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Y me! how many perils doe enfold
The righteous man, to make him daily

Were not that heavenly grace doth him


And ftedfaft truth acquite him out at all.
Her love is firme, her care continuall,
So oft as he, thorough his own foolish pride
Or weaknes, is to finfull bands made thrall:

Els fhould this Redcroffe knight in bands have dyde, For whofe deliverance fhe this Prince doth thether guyd.


They fadly traveild thus, untill they came

Nigh to a caftle builded ftrong and hye:

Then cryde the Dwarfe, "Lo! yonder is the fame, In which my Lord, my liege, doth luckleffe ly

Who flayes the Gyaunt.] It is "that Gyaunt" in the 4to. 1590, but an erratum directs us to read "the Gyaunt," as in our text. Todd and others differ about what, in fact, is too clear for doubt. C.

Thrall to that Gyaunts hatefull tyranny:
Therefore, deare Sir, your mightie powres affay."
The noble knight alighted by and byb
From loftie steed, and badd the Ladie stay,
To see what end of fight should him befall that day.

So with his Squire, th' admirer of his might,

He marched forth towardes that caftle wall;
Whofe gates he fownd fast shutt, ne living wight
To warde the fame, nor anfwere commers call.
Then tooke that Squire an horne of bugle small,
Which hong adowne his fide in twisted gold.
And taffelles gay. Wyde wonders over all
Of that fame hornes great virtues weren told,
Which had approved bene in uses manifold.


Was never wight that heard that fhrilling fownd,
But trembling feare did feel in every vaine:
Three miles it might be eafy heard arownd,
And Ecchoes three aunswer'd it selfe againe :
No false enchauntment, nor deceiptfull traine,
Might once abide the terror of that blast,
But presently was void and wholly vaine:
gate so strong, no locke so firme and fast,
But with that percing noise flew open quite, or braft.


The fame before the Geaunts gate he blew,

That all the castle quaked from the grownd,
And every dore of freewill open flew.
The Gyaunt felfe, dismaied with that fownd,
Where he with his Dueffa dalliaunce fownd,
In haft came rushing forth from inner bowre,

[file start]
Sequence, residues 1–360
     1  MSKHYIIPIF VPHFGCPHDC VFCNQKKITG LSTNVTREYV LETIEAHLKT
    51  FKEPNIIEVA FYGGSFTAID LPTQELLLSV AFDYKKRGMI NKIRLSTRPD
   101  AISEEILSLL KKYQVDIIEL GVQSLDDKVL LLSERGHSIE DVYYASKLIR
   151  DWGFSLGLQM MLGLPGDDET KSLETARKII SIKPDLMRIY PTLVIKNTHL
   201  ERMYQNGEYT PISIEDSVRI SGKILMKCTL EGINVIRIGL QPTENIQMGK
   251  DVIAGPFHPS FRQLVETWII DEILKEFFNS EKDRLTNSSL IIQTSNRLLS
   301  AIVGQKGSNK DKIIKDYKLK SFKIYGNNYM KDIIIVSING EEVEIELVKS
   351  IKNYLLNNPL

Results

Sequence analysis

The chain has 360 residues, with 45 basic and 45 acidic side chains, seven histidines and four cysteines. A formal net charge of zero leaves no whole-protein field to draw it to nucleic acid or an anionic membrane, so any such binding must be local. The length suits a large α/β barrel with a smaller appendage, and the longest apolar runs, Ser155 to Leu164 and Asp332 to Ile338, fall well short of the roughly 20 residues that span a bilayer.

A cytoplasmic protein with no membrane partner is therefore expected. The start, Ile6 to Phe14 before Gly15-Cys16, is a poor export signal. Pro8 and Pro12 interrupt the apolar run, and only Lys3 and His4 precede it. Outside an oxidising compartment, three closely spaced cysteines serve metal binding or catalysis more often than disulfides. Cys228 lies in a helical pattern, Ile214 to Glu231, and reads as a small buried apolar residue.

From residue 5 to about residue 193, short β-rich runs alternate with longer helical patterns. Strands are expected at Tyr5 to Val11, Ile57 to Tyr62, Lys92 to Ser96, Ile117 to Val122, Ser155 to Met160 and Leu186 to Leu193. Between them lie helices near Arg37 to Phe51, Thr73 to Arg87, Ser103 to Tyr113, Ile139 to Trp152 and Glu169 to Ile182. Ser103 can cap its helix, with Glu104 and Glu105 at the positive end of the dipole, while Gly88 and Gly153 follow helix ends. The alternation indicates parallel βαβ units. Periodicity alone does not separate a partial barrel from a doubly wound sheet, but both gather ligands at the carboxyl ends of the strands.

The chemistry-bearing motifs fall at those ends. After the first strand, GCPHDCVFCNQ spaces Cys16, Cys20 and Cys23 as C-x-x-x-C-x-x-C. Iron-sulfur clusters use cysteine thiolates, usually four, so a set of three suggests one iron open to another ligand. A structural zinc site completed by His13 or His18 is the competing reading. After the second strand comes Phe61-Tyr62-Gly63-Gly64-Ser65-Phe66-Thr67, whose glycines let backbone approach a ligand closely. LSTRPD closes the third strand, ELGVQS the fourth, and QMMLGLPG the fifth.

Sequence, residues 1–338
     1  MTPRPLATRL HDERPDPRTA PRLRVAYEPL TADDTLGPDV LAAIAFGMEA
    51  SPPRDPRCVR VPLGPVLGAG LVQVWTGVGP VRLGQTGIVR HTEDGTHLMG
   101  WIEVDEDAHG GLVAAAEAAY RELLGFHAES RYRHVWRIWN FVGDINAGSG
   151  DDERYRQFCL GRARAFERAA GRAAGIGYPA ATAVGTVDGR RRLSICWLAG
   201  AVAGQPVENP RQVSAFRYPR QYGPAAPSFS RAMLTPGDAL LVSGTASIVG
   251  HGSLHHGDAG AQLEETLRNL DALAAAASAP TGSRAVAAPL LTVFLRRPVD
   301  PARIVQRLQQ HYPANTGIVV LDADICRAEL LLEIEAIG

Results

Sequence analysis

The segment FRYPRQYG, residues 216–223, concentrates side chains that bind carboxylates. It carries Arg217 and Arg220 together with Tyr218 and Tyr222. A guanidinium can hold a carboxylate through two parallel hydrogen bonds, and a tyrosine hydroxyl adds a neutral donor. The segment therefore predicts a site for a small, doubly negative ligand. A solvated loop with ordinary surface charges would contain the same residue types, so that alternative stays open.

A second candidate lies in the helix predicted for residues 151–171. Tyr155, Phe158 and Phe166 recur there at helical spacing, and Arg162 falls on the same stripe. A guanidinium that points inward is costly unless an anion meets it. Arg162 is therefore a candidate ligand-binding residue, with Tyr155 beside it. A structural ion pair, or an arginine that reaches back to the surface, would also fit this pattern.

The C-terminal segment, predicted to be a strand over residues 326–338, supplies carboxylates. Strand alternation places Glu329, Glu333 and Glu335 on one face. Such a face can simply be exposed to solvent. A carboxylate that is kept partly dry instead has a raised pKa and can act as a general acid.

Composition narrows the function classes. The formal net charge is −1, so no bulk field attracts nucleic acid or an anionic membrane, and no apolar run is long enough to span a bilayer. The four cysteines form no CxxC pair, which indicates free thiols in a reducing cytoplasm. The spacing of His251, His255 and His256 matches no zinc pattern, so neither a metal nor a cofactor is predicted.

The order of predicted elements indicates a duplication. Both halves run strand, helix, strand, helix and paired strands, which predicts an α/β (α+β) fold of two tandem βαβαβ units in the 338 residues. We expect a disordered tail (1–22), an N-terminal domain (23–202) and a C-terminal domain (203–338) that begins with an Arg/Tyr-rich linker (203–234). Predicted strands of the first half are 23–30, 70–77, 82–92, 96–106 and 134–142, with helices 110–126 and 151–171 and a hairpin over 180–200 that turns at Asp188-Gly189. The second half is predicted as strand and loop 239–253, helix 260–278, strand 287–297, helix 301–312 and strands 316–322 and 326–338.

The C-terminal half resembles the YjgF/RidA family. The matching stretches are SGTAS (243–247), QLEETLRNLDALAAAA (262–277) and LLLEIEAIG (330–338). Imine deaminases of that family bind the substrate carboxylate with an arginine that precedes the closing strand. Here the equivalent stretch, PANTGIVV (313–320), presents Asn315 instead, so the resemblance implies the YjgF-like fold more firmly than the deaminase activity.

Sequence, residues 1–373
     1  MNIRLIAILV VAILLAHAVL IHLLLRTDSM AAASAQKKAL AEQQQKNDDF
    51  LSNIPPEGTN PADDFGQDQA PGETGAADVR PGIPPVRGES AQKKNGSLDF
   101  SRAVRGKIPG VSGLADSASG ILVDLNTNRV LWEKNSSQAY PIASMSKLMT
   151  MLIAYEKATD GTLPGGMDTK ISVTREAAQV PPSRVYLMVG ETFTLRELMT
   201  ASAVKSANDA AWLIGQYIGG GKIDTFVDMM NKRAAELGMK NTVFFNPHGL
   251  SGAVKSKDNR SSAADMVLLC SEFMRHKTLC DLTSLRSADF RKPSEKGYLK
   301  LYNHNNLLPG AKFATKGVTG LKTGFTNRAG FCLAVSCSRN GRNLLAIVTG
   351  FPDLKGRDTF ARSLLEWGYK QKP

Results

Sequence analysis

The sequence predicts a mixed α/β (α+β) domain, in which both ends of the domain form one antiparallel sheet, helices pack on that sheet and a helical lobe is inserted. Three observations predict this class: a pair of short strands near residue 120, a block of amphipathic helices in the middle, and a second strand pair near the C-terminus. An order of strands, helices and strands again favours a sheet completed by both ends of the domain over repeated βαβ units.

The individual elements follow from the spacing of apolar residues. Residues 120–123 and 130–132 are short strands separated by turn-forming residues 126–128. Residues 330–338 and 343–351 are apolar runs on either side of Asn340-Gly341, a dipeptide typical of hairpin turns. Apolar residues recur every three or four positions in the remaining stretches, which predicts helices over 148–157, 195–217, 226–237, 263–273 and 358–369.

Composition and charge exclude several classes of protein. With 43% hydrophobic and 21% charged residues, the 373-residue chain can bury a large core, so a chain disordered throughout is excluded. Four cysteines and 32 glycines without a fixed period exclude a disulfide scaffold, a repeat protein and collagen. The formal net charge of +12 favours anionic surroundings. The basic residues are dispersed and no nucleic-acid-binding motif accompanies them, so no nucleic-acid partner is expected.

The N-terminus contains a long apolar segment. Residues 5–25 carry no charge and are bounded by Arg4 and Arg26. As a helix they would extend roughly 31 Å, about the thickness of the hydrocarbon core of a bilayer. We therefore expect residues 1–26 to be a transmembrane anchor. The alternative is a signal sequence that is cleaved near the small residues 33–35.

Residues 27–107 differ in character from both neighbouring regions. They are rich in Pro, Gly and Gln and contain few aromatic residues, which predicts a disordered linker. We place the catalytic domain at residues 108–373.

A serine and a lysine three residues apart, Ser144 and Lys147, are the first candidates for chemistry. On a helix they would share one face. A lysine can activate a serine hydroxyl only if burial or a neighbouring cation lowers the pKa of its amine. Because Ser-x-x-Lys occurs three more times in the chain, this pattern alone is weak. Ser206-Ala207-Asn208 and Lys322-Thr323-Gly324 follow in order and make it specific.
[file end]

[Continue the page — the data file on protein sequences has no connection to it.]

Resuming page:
b alighted by and by.] Equivalent to immediately, or presently, as it was formerly understood; viz. at that present time. C.

With staring countenance sterne, as one aftownd, And staggering fteps, to weet what fuddein ftowre Had wrought that horror ftrange, and dar'd his dreaded



And after him the proud Dueffa came,

High mounted on her many headed beast ; And every head with fyrie tongue did flame, And every head was crowned on his creaft, And bloody mouthed with late cruell feast. That when the knight beheld, his mightie fhild Upon his manly arme he foone addrest, And at him fierfly flew, with corage fild, And eger greedinesse through every member thrild. 7.

Therewith the Gyant buckled him to fight,

Inflamd with scornefull wrath and high disdaine,
And lifting up his dreadfull club on hight,
All armd with ragged fnubbes and knottie graine,
Him thought at first encounter to have flaine.
But wife and wary was that noble Pere;
And, lightly leaping from so monstrous maine,
Did fayre avoide the violence him nere:

It booted nought to thinke such thunderbolts to beare.


Ne shame he thought to shonne so hideous might:
The ydle stroke, enforcing furious way,
Miffing the marke of his misaymed fight,
Did fall to ground, and with his heavy fway

But wife and wary.] It is "wift and wary" in the oldest impression, but the lift of errata teaches us to read as in our text. C.

d Did fall to ground, &c.] Such is the unavailing blow of the giant, levelled at Graunde Amoure, from which, as we have just seen, he lept afide:

fo that the ftroke withall

"In the grounde lighted, befide a stone wall,

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So deepely dinted in the driven clay,